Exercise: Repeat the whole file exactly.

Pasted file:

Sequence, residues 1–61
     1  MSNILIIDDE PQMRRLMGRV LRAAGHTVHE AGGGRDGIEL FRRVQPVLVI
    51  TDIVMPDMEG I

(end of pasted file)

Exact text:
Sequence, residues 1–61
     1  MSNILIIDDE PQMRRLMGRV LRAAGHTVHE AGGGRDGIEL FRRVQPVLVI
    51  TDIVMPDMEG I